In evaluations of the new SRP proposal. BLM is seeking input from interested publics and local and state agencies about the potential impacts (both positive and negative) on the resources of the Black Rock Desert environment, the social services necessary to support such a large event and economic impacts associated with the event.         Comments will be considered as part of the scoping process until August 4, 2018.

 My Itemized response to Burning Man’s concerns:

  • Pershing County has never produced the (Burning Man) Event
  • The BLM Burning Man EIS SRP public comment period was open to both the Public and Cooperators and not subject to the whims or revisions of the Multi-Million Dollar San Francisco based for profit corporation (BRC). BRC has done two Public Comment meetings in Pershing County and meets frequently with the BLM.
  • The statement “In fact there are 57 instances pertaining to Law Enforcement in the 2018 Black Rock Ranger Manual…” is unclear, confused, and needs clarification.
  • Additionally the following statement “the manual clearly supports law enforcement’s roles and our utilization of law enforcement involvement.” Is telling. (The manual is available online)
  • Unreported Sexual Assaults are a serious matter that BRC should finally address for the benefit of their participants/victims as our District Attorney suggests: “Anecdotal information from state and federal law enforcement officers suggests that the BRR encourages event participants to avoid reporting incidents to law enforcement in favor of resolving matters “in house” with the BRR’s assistance,” Shields states in the letter. “Such stories from law enforcement seem to be credible because the 2018 Black Rock Ranger (BRR) Manual contains instructions to BRRs to ‘filter’ what is reported to law enforcement.” (The “filtering” is done in part by the BRR chain of command as indicated by the manual.) And is clearly not contradicted by Sheriff Allen as R. Vind alleges.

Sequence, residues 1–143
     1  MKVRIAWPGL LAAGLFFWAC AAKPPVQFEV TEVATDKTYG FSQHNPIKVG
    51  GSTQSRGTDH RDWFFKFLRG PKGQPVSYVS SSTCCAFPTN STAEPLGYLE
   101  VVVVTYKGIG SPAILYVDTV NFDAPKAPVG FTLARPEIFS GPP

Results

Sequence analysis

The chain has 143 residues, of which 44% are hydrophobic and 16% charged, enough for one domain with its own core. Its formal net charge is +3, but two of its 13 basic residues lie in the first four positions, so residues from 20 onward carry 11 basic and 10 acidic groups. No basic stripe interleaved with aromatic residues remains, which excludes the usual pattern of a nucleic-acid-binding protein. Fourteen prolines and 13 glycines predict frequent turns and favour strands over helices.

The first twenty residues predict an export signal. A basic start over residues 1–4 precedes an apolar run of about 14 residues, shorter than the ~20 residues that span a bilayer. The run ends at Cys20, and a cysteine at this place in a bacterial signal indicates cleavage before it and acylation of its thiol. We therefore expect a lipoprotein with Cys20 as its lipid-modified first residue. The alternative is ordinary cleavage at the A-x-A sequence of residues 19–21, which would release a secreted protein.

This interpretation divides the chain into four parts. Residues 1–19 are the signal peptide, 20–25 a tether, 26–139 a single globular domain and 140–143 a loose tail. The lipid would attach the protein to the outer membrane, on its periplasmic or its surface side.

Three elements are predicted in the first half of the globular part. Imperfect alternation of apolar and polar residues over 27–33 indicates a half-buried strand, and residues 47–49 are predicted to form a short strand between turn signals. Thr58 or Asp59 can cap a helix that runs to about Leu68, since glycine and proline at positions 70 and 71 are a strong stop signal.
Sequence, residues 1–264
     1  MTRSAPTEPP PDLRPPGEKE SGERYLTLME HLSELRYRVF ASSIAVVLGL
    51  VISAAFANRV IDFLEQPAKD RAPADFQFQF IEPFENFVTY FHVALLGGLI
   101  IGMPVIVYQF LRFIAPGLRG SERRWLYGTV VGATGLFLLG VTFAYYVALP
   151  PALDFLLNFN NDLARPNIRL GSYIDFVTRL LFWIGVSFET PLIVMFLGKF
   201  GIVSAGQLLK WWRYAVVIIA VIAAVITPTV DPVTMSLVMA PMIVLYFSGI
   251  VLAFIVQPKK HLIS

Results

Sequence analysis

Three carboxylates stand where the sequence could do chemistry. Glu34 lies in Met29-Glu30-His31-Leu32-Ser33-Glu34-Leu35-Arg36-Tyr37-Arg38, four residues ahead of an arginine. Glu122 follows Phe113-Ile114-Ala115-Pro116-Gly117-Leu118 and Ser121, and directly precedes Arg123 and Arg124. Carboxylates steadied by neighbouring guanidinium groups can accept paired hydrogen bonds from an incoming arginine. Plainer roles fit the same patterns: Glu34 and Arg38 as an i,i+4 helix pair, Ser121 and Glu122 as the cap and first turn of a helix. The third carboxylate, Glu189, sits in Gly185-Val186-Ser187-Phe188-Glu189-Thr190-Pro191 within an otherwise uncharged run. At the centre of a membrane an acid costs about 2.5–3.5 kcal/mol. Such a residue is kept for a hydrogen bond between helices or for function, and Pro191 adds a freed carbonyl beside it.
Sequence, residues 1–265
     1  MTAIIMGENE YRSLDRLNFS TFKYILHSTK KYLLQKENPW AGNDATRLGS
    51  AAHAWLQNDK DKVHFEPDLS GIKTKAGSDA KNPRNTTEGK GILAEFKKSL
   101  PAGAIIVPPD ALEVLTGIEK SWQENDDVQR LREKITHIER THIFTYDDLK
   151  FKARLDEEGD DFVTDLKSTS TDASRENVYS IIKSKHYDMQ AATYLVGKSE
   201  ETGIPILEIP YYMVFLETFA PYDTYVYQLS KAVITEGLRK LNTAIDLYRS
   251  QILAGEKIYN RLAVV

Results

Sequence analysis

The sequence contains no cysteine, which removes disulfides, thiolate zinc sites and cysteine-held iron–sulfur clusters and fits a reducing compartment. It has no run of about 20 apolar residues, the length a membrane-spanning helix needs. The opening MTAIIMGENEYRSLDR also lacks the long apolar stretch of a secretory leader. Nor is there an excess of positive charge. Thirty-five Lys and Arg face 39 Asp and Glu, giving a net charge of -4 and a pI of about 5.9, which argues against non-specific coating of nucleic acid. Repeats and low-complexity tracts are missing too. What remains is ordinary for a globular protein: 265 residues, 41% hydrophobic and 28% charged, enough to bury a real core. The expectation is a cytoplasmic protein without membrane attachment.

• R. Vind goes on to complain about the self inflicted wound from the Settlement Agreement’s Integrated Command BRC’s cost savings bonanza.
  • Then ignorantly refers to “The County also generates revenue from the convictions it secures…”
  • BRC authorizes the BLM to perform “traffic stops” in the closure area, has done so for years with their SRP.
  • BRC’s 2017 Afterburn report might be done December of 2018. It takes over a year before its available. BRC pays ONLY for an eight day event which means the Sheriff’s PMS is done at TAXPAYER expense.
  • Are the Commissioners still waiting to receive Emergency Plans previously requested?
  • Has there been ANY community involvement in Pershing County from BRC as requested by Commissioner Rackley last year?
  • This is the first year BLM/BRC has acknowledged the legal requirement for Vendor compliance with County Business Licenses.
  • Firearm(s) found in the vehicle of a BRC employee during the 2016 Coroner’s investigation. The others had been admitted to Black Rock City after the Contraband search by BRC in 2017.

 

The voters of Pershing County will hold the Sheriff accountable for the magnificent job he is doing despite the budget limitations imposed by BRC and their untrustworthy conduct, unreasonable, and outlandish demands.